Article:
10 Signs of Dog Dementia to Never Ignore

10 Signs of Dog Dementia to Never Ignore

dog dementiaBetter Life

Canine Cognitive Dysfunction (CCD), or dog dementia, is a canine memory disorder that causes symptoms similar to Alzheimer’s. As a dog ages, the brain can develop dog dementia. This condition causes changes in their memory, ability to learn, and behavior. Dogs over ten are most at risk, particularly inactive canines. Because dog dementia is similar to human dementia, it’s essential to know your dog’s signs of canine cognitive dysfunction. Here are ten signs to never ignore. 

Are certain breeds at risk for dog dementia? 

There’s no particular breed that’s prone to CCD. Any dog can develop it, but small dogs like terriers and toys are at a higher risk of developing dementia. It may be because small dogs live longer than larger dogs. Larger breeds can develop dog dementia as early as ten. 

Do veterinarians diagnose dog dementia?

study with older dogs estimated the frequency of CCD in dogs aged 11. and how often vets encounter the condition. Interestingly, there was a 14.2% prevalence of CCD, but only 1.9% of these got a formal diagnosis from a vet. These results mean dog owners are most likely to notice CCD in their pets. You may be aware of some behaviors that seem off in your dog but aren’t sure it’s dementia. 

dog dementia

Ten signs of dog dementia most pet owners don’t know

Check out these ten signs of dog dementia that you may have ignored in the past.

1. Disorientation might stem from dog dementia

If your dog has CCD, you’ll notice they’re increasingly disoriented. Your pup might forget where its water dish is or get lost heading to bed. Dogs with CCD get stuck under the table and run into things. As your dog’s dementia worsens, they might forget their name or not recognize familiar people. They might not even identify you. The disorientation makes them feel stressed, so they look and act confused. You might need to help your senior dog navigate furniture in your home and help them find their bed. 

2. Accidents in the house can reveal CCD

If your housebroken dog suddenly starts having accidents inside, it could be any number of things causing it. It’s worth a vet trip to rule out infections or other conditions. But, accidents are a common sign of the beginning stages of CCD. Your pet’s brain changes, making it difficult for your dog to remember how to do their business outside. 

It’s a challenge if your dog is doing this, and you’ll need advice from your vet on how to help your pup. You might need to start taking them outside more often to avoid messes. 

3. Behavior changes may indicate dog dementia

Some dogs who experience dementia become more aggressive towards people and other pets. It’s hard to control aggression in dogs. If you’re unsure of the causes of your dog’s behavior, it’s essential to see your vet. Your dog’s vet can rule out other health problems like arthritis. Other behavior changes include:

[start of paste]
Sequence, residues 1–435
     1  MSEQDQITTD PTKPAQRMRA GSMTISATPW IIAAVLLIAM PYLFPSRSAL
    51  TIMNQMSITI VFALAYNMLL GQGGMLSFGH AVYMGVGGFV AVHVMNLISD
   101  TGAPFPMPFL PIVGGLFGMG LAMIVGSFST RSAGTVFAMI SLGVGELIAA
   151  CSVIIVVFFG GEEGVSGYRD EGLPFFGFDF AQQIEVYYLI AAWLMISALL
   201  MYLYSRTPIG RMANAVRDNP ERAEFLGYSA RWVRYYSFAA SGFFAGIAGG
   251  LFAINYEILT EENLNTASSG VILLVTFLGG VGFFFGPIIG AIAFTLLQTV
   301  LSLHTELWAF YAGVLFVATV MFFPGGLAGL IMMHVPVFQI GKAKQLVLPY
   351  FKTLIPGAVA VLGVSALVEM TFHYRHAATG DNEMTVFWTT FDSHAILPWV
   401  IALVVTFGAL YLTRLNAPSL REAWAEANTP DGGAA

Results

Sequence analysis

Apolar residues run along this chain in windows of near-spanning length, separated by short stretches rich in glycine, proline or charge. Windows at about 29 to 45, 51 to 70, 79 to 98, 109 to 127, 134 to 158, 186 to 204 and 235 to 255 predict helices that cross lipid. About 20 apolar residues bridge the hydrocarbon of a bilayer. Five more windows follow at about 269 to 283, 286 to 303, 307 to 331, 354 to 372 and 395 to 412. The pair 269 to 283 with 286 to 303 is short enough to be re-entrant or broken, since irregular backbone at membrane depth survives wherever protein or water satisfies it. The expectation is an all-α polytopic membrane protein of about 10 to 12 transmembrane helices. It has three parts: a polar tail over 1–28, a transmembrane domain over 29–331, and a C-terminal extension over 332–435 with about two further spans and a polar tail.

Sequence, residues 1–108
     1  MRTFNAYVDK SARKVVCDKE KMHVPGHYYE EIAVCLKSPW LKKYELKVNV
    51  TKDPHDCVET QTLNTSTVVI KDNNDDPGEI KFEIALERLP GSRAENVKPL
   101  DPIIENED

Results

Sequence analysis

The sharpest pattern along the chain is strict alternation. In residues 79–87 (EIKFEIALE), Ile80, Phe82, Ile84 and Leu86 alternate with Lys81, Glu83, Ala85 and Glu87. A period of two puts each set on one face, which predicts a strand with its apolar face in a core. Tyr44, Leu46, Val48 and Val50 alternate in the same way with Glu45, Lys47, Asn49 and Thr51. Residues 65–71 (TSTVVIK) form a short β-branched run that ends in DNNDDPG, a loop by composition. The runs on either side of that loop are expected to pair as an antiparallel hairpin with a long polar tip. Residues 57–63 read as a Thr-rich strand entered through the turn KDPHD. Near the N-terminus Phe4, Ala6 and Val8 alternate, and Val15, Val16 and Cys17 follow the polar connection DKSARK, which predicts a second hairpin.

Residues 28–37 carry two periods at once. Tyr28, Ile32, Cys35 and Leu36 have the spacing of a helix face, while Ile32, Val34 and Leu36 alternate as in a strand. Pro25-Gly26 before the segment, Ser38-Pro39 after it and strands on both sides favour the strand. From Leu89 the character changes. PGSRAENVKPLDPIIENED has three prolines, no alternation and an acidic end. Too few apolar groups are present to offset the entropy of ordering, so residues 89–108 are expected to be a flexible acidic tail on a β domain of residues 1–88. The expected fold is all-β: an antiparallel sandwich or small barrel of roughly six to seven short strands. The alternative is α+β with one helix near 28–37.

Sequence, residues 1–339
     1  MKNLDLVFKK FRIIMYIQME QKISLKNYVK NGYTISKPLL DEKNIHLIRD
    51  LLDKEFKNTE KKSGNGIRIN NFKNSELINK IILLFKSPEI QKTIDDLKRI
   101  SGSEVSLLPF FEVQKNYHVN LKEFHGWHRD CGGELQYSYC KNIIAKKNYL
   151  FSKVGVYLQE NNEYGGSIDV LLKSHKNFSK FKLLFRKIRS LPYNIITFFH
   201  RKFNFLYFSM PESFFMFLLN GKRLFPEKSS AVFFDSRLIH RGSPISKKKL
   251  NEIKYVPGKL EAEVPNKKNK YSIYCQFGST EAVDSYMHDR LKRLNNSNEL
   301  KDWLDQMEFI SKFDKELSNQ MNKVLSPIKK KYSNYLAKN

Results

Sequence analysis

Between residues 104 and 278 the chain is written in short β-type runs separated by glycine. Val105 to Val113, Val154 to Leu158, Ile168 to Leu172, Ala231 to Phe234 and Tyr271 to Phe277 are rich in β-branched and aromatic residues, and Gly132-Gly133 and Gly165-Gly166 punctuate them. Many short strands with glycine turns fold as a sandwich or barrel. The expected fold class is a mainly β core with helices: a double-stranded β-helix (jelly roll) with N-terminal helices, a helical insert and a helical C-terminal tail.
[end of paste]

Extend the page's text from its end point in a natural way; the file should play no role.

• Wandering around the house
  • Pacing in circles
  • Your canine cannot stay still
  • Won’t play anymore
  • Doesn’t want attention like petting
  • They don’t get excited when they see familiar people
  • Need extra attention than before

4. Confusion can stem from CCD

Dogs with canine cognitive dysfunction get confused easily, even at home. Confusion in your dogs looks like 

  • Forgetting commands like “sit” or “come.”
  • Leaning against a wall and head pressing against it
  • Getting stuck in the corner
  • A puzzled look on their face

If you notice these things happening to your dog, don’t ignore them. If you don’t feel comfortable taking your poor confused dog to your vet, shoot a video on your phone and then show it to your vet. 

5. Sleep changes might indicate CCD

Dog dementia interferes with your dog’s sleep. They may roam around the house all night and sleep all day. Similar to dementia in humans, dogs are affected by “sundowning,” which keeps them awake and agitated during the night. They might also howl, bark or whine during the night. 


6. Separation anxiety might be dog dementia

While some dogs are less interested in being with family, others are incredibly anxious if you’re away from them. They may follow you around the house to be sure they know where you are. Other CCD behavior related to separation anxiety includes:

  • Whine when you’re in a different room
  • Panting
  • Barking 
  • Howling 
  • Destructive behavior 

7. Staring at nothing could indicate dog dementia

It’s common for dogs with CCD to spend long periods staring out at walls or into space. Some dogs lean on a wall or press their head against a wall. It’s unclear why dogs with CCD stare at walls. However, it might be one of your dog’s first signs of dementia. 

8. Repetitive or restless movements could be canine cognitive dysfunction

Restlessness is common in older dogs. It could be due to arthritis in their joints. Moving around helps them loosen up. But if your elderly dog has dog dementia, they may move around out of restlessness. Repetitive movement like head bobbing, pacing, and leg shaking. These movements are signs of cognitive dysfunction and brain degeneration. 

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